The neighboring Barbarito Auto Body shop and a single-family home on that parcel at 112 River St. has been bought by Armideo and will be included in the sale of the property to the county.
Both will be torn down to make way for the DMV office, which the county will build for approximately $400,000, according to estimates. That cost can also be paid out of tobacco settlement money.
A resolution to lease was on the Legislature’s agenda but became moot after legislators approved the purchase of the property. The lease would have cost the county about $60,000 annually over a 10-year period.
Armideo provided the county with the rough costs of a building he would have constructed and later leased. At between $120 and $150 a square foot for a 4,000-square-foot building as the county envisions for the DMV, the building could have cost as much as $600,000 after a 10-year period.
“We’re basically paying for that building over its life span,” Schrader said.
A $60,000 yearly lease would amount to a half a percent tax increase, Schrader said. The county could not use tobacco money to lease; the money can only pay for capital improvements.
Willcox said he wanted more information about leasing.
“I didn’t vote against the DMV,” he said. “I didn’t feel the lease options were fully explored.”
Also, a higher $777,000 figure for the lease was included in the Legislature’s agenda for the night, which Schrader said had been inserted before the $600,000 lease price had been provided.


State puts focus on local education —

Two schools need improvement

Freeville principal explains state incorrectly includes her school.

From staff and wire reports
CORTLAND — The state Education Department on Thursday placed more elementary and middle schools on its list of schools needing improvement, including two local schools.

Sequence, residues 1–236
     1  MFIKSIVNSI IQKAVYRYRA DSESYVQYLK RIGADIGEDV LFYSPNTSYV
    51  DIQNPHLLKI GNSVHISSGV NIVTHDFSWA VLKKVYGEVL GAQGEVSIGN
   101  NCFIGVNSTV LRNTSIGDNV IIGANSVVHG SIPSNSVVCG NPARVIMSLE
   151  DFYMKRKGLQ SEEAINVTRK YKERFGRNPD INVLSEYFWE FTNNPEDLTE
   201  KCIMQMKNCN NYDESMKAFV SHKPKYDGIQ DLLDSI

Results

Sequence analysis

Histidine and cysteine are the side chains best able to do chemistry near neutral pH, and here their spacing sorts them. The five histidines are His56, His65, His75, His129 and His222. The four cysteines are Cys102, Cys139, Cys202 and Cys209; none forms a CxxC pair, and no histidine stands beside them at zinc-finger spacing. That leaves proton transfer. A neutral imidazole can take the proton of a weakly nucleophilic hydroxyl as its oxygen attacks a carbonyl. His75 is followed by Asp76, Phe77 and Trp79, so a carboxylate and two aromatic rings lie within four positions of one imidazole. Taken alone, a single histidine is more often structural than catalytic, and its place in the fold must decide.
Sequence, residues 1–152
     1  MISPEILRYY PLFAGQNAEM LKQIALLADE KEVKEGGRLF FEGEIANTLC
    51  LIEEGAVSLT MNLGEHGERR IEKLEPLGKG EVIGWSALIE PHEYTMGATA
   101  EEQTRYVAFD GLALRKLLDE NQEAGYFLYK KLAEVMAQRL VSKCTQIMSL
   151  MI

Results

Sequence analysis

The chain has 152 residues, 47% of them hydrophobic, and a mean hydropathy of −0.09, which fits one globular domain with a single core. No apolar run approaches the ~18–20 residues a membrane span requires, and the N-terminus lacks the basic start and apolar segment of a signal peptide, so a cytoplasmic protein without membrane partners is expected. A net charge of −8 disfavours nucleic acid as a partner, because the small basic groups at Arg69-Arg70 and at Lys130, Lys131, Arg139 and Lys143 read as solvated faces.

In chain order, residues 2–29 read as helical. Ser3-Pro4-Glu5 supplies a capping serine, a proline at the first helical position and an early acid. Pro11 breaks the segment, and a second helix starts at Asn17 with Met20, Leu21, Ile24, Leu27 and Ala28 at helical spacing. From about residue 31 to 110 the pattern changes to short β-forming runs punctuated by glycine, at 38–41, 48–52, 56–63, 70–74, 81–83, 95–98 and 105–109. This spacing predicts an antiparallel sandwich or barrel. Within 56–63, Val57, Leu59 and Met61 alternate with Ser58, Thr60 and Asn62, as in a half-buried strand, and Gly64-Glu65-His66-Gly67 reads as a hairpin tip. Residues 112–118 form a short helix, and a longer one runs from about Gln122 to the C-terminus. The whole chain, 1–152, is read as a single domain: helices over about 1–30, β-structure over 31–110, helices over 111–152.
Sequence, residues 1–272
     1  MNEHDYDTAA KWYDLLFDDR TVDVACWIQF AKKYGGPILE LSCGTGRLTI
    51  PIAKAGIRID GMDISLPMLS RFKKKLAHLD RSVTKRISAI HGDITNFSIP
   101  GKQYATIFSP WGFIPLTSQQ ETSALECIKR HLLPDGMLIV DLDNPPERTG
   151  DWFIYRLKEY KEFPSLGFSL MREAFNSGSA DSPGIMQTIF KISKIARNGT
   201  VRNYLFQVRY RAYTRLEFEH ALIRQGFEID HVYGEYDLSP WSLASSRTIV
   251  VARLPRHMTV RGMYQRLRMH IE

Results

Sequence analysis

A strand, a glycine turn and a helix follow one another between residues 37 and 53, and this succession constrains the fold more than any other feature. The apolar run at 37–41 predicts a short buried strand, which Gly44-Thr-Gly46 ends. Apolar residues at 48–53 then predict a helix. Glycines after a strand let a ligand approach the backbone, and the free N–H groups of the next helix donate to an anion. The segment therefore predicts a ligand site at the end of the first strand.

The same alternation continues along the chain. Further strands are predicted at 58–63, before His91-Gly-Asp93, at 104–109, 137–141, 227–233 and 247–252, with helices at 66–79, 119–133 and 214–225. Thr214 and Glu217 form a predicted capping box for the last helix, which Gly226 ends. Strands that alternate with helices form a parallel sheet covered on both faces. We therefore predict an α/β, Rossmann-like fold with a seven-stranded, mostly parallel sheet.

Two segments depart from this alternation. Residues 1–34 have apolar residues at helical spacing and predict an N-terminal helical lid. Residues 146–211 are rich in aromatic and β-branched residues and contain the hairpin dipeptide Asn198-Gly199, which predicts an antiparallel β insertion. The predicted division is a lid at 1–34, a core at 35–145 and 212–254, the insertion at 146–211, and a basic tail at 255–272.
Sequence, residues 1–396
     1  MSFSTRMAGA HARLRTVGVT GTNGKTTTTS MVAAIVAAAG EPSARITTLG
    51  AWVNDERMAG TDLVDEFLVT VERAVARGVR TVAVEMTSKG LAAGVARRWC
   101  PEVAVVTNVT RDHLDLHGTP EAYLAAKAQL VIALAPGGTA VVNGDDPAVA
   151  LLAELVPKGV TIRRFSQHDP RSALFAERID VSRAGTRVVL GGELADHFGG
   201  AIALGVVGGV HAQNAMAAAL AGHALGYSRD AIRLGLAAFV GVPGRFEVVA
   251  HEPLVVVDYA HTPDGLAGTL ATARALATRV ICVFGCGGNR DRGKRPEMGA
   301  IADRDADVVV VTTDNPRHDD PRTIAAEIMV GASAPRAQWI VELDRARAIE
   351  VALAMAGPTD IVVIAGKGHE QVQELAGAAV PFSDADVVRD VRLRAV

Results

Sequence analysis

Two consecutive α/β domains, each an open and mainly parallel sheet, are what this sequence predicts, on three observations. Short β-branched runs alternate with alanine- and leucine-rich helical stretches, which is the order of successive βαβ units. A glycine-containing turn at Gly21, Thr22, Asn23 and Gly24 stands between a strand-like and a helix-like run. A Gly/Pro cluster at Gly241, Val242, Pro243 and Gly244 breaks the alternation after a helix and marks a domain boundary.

That bringing the total to 444 out of the state’s 3,085 schools teaching kindergarten through eighth grade on the list.
One local school was placed on the list in error. Audrey Ryan, principal of Freeville Elementary, said a data problem in the state placed her school on the list even though the school teaches kindergarten through second grade only and the testing does not begin until third grade. Freeville is in the Dryden district.
Homer Intermediate School was also on the list. Superintendent of Schools Doug Larison said special education students were identified as the group that underperformed on the test, in particular in fifth and sixth grades.
He said the state is looking at the results in a cumulative way with grades three through eight lumped together, creating a larger testing group; the state does not report on groups of less than 30 students. Larison said in the past special education students would not have been looked at as a subset.
Larison said teachers in the district are looking more closely at models of how special education students learn and teaching at an appropriate level of instruction. He also said special education students are graduating.
“Graduation rates at Homer in special education stack up against anyone in Cortland or Onondaga County,” Larison said.
Larison said the test is not a benchmark test as the state had said it would be, but rather a bell curve test. On a bell curve, levels float so there are the most students performing in the middle and fewer students on either ends (high performers and low performers).
The state Education Department put 106 schools on the list of schools needing improvement for the first time, while 22 elementary and middle schools are being removed from the list for showing clear improvement in student performance. There are about 1,000 middle schools and 2,000 elementary schools in the state.
Standardized test scores and other measures are used to determine if a school is making adequate progress in educating students to the state’s standards.
State officials said the increase in the number of schools on the list is because more students are now required to take the English and math standardized tests.



Town delays vote on Virgil church project

Board requests new master plan with larger building setbacks and parking lot plans

Staff Reporter

VIRGIL — About 10 people spoke in favor of a church’s proposed zoning change at a public hearing Thursday, but the Town Board delayed action until it can review more information from the church.